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Mayweather vs. McGregor Preview

By on August 24, 2017

mayweather mcgregor 2We’re getting closer and closer to the fight that many, including myself, never thought would happen: Mayweather vs. McGregor.

Much of the talk about this fight, and definitely the profitability of the fight, has hinged upon one basic question: Can Conor McGregor win?

A lot of bad sports analogies have been thrown around over the past six months to describe what Conor’s trying to do, such as a hockey player playing baseball, etc., but those are awful comparisons. The one that I’ve said is the best comparison, and the one that I don’t see anyone else making, is a decathlete trying to take on a specialist in the 100 meter dash, or hurdles, or any other specific track and field event.

Decathletes, like mixed martial arts fighters, have to be good at several different disciplines. However, they don’t have to be elite in any of them. Sometimes they are, sure. But the real trick is to be consistently good enough at all of them to win the overall decathlon.

Another good comparison would be a regular golfer vs. a long drive champion. There are some great all-around golfers who can hit the ball a mile, but the regular golfer has to spend time putting, chipping, hitting out of the sand, etc. They can’t focus 100% on hitting long, straight drives, just like the decathlete isn’t going to spend all of his or her time working on the pole vault. So to expect a decathlete to beat someone who spends all of their time and energy perfecting the pole vault is crazy.

So Conor can’t win, right? Well, slow down a bit. Because in combat sports, you can’t forget the fact that the best man doesn’t always win. As counterintuitive as it may sound, it’s true. That’s because human beings react in surprising ways to being punched and kicked and the unexpected can happen. Matt Serra was not a better fighter than Georges St. Pierre, full stop. It’s just a fact. But he won. And so can Conor.

What does Conor need to do?

Conor needs to get Floyd out of there by round six, period. He can’t try to box with Floyd. Instead, he needs to take advantage of what he has that Floyd doesn’t, which is an unpredictable style. While Conor has never learned how to “box” like a professional, that doesn’t have to be a weakness. When the other fighter is trying to anticipate and respond to your actions, fighting in an unconventional way can be a huge advantage and actually help you surprise your opponent and land punches.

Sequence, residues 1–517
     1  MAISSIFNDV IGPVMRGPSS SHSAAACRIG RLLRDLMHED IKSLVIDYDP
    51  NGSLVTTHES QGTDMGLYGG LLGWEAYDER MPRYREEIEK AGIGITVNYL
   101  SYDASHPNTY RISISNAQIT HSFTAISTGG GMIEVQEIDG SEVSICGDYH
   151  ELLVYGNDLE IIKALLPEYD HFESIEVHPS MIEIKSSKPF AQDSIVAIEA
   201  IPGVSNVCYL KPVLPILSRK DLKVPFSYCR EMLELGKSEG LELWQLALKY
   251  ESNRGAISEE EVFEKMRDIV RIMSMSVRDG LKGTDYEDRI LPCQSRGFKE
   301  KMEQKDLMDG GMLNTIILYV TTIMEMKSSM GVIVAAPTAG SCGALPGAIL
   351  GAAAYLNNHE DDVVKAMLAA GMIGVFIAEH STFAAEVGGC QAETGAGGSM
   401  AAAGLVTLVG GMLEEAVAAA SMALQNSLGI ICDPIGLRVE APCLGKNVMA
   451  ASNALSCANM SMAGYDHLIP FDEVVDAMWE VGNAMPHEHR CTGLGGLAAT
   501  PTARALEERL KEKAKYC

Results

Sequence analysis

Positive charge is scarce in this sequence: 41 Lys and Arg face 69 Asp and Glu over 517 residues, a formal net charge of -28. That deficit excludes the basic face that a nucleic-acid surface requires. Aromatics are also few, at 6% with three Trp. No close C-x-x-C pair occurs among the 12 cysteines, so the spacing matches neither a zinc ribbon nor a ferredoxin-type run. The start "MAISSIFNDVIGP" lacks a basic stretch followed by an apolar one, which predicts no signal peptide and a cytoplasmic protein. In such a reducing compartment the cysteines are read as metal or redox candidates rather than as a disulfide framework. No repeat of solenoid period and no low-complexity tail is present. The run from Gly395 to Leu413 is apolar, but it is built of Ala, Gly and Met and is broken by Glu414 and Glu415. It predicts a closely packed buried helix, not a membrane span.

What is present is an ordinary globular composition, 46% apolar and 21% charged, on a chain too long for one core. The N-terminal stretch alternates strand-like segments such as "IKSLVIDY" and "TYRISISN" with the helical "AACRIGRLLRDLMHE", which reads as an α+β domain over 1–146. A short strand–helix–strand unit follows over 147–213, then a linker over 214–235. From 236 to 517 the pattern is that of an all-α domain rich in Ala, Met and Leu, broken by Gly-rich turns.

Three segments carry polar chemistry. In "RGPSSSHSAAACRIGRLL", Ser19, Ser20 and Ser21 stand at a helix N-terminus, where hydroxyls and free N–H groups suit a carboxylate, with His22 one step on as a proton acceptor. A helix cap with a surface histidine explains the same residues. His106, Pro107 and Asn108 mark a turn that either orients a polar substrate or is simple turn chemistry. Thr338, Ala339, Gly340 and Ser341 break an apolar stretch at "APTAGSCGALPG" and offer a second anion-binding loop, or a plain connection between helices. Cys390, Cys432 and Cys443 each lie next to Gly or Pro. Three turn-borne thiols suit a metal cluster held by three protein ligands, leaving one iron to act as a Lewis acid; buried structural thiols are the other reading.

McGregor needs to switch stances. He needs to throw fakes and punches at weird angles. Try different combinations and feints. He needs to take advantage of the fact that he’s from a different sport and also that he’s a lefty, which is always an awkward matchup for an orthodox boxer. But most of all, he can’t rely on the judges giving him close rounds and he definitely can’t count on Floyd getting tired. He needs to win decisively in the opening half of the fight.

What does Floyd need to do?

Floyd, quite simply, needs to stay out of trouble and not get absorbed into Conor’s type of fight. He needs to have the mindset that boxing is his sport, the ring is his home, and he doesn’t need to fall into any of the traps Conor will be looking to set. The more defensively Floyd can fight, the better…at least, at first.

Later on, I believe Conor will struggle with stamina. He has had trouble with his cardio in the past, and in boxing, when you can’t sneak a little breather in with a well-timed clinch or takedown, it could spell doom. If tiring takes even the slightest bit of zip or snap out of Conor’s punches, Floyd will be able to open up with greater frequency, adding clearly won rounds to the pile of close rounds that the judges are sure to favor him in.

Conor can win, but he’ll be fighting more than just Floyd to do so. He’ll be fighting his own cardio, his nerves, even the judges on Saturday night. Let’s see if he can pull it off.


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